With local cardamom prices hovering around ₹3,200 per kg last month, India was unable to beat the competition from Guatemala, the largest producer of the spice, in the Gulf countries. Guatemalan cardamom had more takers at $42 per kg , around $10 lower than the Indian rates.
“But now Guatemala seems to have exhausted the stock and Covid-19 scare has impacted prices. There are offers for Indian cardamom at $46 per kg,’’ said SPGR Nityanandan, an exporter.
Unless local prices cool off with an increase in supply, exporters are likely to find it difficult to take advantage of the price fall in the Gulf countries. “Moreover, there is a dearth of good quality cardamom in the market, especially the 7mm bold variety,’’ said Nityanandan.
Shipments from India are going to Kuwait, Dubai and Bahrain following the ban on Indian cardamom by Saudi Arabia because of pesticide residue for over a year now. As Saudi Arabia used to buy a major share of Indian cardamom, its absence from the list of export destinations has led to a heavy drop in cardamom shipments from India.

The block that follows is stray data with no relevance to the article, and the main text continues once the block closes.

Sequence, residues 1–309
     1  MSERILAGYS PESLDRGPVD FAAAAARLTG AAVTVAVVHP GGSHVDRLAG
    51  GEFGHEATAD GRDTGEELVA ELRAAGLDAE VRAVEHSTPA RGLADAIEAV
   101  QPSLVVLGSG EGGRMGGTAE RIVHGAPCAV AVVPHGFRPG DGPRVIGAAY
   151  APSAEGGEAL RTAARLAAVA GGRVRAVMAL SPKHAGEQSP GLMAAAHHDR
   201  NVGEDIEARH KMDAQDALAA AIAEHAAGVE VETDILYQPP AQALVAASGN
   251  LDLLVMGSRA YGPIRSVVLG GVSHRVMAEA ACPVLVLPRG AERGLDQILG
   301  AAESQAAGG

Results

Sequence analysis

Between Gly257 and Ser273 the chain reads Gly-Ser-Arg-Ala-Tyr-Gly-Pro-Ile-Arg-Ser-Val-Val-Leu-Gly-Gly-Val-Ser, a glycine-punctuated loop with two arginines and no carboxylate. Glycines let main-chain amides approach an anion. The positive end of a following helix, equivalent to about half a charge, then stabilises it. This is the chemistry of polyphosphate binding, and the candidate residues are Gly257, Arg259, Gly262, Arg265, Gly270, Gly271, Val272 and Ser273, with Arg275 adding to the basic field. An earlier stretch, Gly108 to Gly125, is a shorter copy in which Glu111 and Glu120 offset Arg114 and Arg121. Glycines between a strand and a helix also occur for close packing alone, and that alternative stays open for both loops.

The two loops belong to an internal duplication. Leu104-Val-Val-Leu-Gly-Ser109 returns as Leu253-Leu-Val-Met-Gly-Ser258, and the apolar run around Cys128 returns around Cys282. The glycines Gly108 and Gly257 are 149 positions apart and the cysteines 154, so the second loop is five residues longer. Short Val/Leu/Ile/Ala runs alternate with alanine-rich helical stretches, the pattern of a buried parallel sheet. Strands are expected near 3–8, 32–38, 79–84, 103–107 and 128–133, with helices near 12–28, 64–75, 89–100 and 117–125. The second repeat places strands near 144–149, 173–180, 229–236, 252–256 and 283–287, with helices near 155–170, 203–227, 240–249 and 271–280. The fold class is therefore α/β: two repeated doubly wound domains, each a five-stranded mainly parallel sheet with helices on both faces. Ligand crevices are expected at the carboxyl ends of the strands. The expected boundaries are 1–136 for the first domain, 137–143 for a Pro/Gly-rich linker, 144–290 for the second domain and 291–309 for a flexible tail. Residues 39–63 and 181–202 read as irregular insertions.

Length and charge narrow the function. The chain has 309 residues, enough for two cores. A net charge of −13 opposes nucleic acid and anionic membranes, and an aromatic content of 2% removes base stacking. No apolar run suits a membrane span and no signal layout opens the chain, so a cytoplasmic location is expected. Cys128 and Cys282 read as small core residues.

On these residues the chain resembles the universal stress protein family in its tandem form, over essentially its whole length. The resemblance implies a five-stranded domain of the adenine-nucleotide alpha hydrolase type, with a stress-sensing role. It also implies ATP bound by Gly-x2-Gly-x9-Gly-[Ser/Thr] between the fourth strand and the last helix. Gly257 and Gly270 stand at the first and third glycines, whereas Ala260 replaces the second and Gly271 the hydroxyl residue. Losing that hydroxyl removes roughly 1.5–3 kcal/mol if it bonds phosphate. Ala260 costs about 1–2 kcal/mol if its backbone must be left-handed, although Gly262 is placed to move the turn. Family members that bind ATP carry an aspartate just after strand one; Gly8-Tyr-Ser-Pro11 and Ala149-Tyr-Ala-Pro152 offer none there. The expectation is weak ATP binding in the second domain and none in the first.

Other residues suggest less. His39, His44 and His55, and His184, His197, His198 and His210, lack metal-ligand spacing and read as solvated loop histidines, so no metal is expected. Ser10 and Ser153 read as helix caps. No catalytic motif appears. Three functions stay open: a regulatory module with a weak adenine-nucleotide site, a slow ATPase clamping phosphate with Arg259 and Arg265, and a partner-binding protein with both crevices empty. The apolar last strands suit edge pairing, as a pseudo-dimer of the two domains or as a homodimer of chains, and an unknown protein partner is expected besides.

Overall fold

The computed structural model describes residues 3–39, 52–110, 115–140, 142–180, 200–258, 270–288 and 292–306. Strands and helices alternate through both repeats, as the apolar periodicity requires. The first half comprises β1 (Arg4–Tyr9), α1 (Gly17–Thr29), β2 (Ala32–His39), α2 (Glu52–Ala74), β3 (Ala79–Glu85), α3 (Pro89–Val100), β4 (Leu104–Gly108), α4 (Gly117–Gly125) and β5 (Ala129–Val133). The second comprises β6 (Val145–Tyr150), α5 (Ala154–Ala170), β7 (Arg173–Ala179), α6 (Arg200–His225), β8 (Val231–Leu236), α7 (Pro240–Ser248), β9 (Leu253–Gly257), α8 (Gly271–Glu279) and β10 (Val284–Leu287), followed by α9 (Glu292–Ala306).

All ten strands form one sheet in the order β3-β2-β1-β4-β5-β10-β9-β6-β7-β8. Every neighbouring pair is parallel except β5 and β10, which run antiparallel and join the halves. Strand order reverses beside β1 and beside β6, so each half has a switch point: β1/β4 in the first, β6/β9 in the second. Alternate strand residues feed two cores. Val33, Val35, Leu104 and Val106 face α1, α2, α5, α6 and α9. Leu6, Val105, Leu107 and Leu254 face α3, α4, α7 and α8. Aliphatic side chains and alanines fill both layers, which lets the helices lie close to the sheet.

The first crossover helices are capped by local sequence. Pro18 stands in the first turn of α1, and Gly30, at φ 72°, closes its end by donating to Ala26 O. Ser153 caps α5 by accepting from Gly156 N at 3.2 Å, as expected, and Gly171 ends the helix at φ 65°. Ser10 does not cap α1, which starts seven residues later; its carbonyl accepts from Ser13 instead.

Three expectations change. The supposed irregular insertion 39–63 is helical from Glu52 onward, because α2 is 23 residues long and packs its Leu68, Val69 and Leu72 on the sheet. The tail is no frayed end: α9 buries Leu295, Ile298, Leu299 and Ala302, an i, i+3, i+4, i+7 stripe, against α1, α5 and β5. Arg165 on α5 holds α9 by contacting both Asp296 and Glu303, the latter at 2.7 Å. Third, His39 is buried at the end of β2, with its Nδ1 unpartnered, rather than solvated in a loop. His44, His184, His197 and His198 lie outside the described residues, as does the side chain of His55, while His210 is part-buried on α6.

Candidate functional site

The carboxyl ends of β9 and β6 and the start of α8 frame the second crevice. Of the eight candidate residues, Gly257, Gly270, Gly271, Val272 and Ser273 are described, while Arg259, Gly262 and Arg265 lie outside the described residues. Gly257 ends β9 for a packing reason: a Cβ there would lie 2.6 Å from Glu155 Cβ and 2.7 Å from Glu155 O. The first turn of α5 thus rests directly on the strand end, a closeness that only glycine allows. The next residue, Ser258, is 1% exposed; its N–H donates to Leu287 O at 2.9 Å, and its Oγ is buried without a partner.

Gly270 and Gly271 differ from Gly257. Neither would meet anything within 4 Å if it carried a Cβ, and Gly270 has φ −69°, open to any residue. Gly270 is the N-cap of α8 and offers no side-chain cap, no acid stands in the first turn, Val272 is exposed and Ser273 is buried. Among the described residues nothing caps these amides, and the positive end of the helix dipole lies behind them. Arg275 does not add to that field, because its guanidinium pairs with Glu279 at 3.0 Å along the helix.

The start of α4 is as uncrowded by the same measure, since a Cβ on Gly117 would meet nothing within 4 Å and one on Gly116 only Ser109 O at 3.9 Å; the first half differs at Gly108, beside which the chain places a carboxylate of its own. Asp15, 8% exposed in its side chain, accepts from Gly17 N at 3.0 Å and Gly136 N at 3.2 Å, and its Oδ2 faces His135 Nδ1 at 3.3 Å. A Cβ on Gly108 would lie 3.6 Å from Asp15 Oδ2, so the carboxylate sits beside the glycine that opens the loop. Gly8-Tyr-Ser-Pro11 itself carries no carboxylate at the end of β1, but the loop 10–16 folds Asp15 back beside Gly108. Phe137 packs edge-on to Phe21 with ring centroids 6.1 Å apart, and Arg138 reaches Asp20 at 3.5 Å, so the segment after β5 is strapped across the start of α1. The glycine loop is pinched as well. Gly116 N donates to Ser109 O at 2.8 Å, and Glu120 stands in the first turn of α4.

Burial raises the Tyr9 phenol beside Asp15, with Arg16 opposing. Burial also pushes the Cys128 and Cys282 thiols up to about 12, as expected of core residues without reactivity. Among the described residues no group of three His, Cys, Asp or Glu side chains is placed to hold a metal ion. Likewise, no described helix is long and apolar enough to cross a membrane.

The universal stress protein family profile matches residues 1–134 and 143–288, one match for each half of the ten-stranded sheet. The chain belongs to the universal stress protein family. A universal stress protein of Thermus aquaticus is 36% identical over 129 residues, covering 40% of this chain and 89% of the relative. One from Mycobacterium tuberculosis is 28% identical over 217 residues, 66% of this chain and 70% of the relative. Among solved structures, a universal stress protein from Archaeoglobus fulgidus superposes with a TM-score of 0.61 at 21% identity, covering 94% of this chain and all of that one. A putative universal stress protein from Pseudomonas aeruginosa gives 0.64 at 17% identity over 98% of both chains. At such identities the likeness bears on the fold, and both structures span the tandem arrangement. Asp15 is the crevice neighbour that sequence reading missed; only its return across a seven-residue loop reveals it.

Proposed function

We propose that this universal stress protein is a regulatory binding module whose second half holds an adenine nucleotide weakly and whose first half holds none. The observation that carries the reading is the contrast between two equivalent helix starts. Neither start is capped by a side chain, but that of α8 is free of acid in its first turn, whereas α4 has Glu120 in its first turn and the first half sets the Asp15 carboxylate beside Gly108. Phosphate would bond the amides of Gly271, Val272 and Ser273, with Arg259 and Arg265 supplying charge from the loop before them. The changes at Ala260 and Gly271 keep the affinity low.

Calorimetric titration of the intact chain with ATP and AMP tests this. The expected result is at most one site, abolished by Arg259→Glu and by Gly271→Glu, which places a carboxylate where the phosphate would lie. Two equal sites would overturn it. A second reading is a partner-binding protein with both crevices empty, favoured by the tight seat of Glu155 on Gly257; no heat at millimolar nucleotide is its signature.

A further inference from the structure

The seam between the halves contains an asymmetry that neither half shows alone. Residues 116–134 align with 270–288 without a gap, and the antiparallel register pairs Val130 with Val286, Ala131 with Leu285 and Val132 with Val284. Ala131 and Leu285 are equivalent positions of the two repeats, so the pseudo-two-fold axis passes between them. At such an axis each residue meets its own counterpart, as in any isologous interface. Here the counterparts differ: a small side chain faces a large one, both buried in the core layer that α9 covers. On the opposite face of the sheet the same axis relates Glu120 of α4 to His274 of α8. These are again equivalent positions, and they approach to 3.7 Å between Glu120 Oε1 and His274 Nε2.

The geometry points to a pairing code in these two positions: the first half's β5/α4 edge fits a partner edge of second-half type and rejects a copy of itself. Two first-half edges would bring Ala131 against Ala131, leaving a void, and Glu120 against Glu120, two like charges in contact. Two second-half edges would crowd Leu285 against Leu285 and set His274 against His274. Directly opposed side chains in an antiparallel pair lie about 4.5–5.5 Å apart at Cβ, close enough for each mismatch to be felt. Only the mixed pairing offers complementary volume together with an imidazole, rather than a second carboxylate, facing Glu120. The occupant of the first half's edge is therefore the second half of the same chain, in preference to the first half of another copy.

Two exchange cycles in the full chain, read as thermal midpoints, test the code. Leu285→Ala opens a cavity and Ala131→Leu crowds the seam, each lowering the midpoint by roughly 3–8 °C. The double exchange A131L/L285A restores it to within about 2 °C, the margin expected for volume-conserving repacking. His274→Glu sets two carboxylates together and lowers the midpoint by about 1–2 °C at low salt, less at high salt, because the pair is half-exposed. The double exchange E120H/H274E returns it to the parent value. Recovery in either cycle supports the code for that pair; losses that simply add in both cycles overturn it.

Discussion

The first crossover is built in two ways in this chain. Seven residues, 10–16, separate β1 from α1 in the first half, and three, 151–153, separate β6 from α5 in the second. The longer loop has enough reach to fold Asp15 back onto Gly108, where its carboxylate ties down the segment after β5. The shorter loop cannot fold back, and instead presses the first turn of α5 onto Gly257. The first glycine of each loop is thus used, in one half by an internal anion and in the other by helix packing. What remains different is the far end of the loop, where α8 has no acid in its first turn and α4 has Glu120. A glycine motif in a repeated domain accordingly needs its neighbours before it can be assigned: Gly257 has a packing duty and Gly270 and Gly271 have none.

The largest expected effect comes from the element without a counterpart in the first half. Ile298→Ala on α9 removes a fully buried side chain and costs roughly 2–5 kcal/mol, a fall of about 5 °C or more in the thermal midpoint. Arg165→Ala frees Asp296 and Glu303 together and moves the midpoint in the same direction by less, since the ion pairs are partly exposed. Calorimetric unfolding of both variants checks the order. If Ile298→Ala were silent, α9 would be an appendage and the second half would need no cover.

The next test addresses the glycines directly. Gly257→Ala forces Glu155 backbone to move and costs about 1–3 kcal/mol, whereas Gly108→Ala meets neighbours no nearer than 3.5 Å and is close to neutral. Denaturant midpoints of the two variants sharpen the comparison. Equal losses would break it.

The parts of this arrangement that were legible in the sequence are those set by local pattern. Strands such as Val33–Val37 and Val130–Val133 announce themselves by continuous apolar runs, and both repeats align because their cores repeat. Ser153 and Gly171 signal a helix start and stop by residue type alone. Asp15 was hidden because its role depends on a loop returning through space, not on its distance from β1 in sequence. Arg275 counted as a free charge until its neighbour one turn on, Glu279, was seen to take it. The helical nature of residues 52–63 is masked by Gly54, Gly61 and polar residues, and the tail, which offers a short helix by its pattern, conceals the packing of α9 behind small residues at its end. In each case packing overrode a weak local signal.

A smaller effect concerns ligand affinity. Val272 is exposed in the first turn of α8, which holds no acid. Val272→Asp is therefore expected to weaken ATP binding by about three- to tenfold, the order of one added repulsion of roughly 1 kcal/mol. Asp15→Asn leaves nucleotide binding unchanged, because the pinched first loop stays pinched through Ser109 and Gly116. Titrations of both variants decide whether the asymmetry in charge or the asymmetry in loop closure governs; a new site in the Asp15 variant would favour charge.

With Ramadan demand on, there is a greater demand from West Asian countries.
India’s cardamom exports plunged 72 per cent year-on-year to 405 tonnes in the six months to September 2019.
Cardamom production in 2019 was around 12,000 tonnes, almost the same as in the previous year. The plantation stock coming for auctions is virtually over, according to local traders.
“The growers who have been holding some stock in anticipation of higher prices may have to release them gradually as exporters have kept away from purchases,’’ said KS Mathew, a cardamom grower.
This year, some stock is left with growers owing to poor exports and lower domestic consumption.
Mathew said a price drop below ₹3,000 per kg would spur export demand. “Good summer rains in March and April will boost the prospects of a bumper crop in the next harvest and will push down prices,’’ he said.